They held out most of the day before abandoning the building and several other police stations and retreating. In all, 53 persons, 44 of them policemen, were killed and more than 100 were injured, according to official figures.
"They failed in Assyut because it was not preplanned," said Abu Ghazala.
The uprising in Assyut was the only major incident after the assassination, although other groups, either from Jihad or Takfir, tried to mount several other operations unsuccessfully.
The general plan, a high official said, was to seize the state television and radio building and other strategic points in Cairo after Sadat's assassination and broadcast appeals to the public to support them in the streets.
"They believed that if they could get rid of the elite in power and create some kind of mess, then they would succeed in having the support of the religious people who were willing to have this kind of Islamic republic model as in Iran," he said.
Just how far Jihad and Takfir had gone in their planning to seize power remains unclear, as does the extent of their attempts to cooperate. But local press reports, based on confessions and official statements, said they had already assigned 50 persons to take over the main radio and television building and named the leader as Sayed Rashad, an engineer.
Others have said there were plans to assassinate other Egyptian leaders during Sadat's funeral procession, and this is what forced a last-minute change in its route. There also were reports of planned attacks on Mubarak during the ceremony swearing him in.
All this suggests that the Moslem extremists were far closer to mobilizing than the government is willing to admit publicly. One of the most difficult questions to answer today is how much the government really does know about Jihad, Takfir and other such groups and the extent of their infiltration into the government and, more importantly, the armed forces.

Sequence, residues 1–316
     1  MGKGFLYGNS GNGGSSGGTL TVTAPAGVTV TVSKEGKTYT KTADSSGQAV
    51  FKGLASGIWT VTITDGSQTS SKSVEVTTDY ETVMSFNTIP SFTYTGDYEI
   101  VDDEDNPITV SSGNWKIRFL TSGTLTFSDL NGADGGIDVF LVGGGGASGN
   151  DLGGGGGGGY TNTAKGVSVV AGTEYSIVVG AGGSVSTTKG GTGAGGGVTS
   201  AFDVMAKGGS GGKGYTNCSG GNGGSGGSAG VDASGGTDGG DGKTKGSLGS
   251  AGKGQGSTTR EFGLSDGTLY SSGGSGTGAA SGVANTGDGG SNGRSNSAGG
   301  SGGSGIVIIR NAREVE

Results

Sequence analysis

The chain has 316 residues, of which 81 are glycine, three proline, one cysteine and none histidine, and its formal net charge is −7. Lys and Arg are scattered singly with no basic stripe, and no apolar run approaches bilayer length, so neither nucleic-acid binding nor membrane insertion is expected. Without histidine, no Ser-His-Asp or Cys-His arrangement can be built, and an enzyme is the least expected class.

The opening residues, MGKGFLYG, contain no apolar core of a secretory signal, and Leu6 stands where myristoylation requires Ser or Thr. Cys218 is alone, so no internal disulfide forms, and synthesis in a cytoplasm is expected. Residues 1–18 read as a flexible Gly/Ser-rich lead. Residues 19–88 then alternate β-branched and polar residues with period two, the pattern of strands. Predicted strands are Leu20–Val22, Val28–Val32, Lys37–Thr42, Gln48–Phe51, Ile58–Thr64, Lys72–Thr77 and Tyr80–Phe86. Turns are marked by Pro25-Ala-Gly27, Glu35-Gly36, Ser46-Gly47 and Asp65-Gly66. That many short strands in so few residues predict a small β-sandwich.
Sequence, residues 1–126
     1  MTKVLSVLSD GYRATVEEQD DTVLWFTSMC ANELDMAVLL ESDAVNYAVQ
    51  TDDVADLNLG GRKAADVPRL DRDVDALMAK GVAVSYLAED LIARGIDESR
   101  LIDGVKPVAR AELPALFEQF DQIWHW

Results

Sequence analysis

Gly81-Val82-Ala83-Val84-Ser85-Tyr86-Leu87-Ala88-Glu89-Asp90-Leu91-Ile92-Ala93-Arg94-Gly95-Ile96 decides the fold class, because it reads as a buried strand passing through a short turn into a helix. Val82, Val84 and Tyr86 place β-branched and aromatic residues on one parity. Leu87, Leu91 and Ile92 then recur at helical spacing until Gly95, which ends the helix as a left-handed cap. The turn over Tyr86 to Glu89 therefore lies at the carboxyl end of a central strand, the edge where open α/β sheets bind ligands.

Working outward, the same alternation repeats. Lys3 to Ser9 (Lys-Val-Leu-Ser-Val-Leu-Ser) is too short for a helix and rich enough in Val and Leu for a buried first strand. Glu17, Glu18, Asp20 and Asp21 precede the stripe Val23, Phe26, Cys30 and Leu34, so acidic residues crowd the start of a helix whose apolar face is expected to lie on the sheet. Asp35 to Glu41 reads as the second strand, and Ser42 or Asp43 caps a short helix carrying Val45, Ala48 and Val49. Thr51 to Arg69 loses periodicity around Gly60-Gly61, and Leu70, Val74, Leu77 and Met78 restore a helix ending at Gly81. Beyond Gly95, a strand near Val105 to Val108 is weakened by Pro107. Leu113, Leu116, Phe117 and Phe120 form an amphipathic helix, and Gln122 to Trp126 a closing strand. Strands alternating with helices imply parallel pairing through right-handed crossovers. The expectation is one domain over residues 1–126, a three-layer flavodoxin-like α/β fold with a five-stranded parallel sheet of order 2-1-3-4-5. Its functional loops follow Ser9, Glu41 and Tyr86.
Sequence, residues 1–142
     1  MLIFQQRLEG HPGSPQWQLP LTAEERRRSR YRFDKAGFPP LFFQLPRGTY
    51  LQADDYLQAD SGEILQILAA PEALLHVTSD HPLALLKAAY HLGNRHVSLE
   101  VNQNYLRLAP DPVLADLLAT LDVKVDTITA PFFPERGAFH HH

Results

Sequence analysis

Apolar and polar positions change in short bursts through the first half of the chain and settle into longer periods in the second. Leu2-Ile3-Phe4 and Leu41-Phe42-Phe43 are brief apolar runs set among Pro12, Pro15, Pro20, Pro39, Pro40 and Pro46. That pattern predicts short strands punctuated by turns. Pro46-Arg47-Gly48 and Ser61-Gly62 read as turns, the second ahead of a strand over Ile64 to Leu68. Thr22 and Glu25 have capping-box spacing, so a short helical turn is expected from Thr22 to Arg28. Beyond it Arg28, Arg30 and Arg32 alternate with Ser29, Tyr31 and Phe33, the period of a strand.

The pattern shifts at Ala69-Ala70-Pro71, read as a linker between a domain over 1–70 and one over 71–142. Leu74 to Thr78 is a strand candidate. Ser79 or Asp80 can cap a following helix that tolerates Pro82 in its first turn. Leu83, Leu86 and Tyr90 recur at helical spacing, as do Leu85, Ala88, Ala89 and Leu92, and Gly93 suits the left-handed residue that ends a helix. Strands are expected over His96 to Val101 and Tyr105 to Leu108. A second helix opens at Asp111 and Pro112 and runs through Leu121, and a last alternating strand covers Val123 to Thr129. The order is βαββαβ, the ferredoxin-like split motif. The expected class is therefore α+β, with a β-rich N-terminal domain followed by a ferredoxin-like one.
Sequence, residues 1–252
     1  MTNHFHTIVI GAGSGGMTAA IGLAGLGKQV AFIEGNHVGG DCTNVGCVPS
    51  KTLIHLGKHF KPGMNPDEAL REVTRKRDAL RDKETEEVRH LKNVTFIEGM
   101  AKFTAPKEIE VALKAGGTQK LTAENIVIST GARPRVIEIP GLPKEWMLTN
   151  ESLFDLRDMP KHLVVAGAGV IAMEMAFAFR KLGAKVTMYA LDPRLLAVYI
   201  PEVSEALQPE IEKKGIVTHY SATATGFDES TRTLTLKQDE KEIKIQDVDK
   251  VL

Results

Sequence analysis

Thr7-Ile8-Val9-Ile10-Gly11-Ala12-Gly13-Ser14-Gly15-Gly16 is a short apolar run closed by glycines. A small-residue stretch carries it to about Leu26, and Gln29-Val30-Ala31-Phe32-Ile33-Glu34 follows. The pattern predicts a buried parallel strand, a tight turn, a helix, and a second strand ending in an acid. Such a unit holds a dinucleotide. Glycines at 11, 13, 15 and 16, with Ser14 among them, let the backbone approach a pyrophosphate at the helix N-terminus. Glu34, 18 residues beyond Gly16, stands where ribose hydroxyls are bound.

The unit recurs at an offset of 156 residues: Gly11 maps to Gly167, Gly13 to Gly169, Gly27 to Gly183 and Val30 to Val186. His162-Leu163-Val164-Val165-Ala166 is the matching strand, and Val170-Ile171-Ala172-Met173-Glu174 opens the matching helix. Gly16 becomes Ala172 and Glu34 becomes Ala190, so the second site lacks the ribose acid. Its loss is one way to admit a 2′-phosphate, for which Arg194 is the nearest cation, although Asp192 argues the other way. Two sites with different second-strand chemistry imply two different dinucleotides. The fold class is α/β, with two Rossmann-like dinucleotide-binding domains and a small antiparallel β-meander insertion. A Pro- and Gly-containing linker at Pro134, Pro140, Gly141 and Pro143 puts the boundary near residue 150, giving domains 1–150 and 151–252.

Many analysts, including Ibrahim, doubt that there were only nine officers and soldiers involved in extremist organizations in an Army of nearly 400,000 men.
The Army has also announced that another 134 officers and soldiers have been dismissed as security risks because of their extremist religious views. But even this number seems small, as does the total number of Moslem extremists reportedly arrested since early September -- about 1,450 of the roughly 2,400 official total of detainees.
All this raises the disturbing question of whether the Egyptian government and its various security and intelligence units are as much on top of the situation as Mubarak and others claim. They apparently were not aware of the extent of El Jihad's penetration until after Sadat's assassination.
For the moment it appears that Egypt is settling down. But how long it will stay calm is difficult to predict.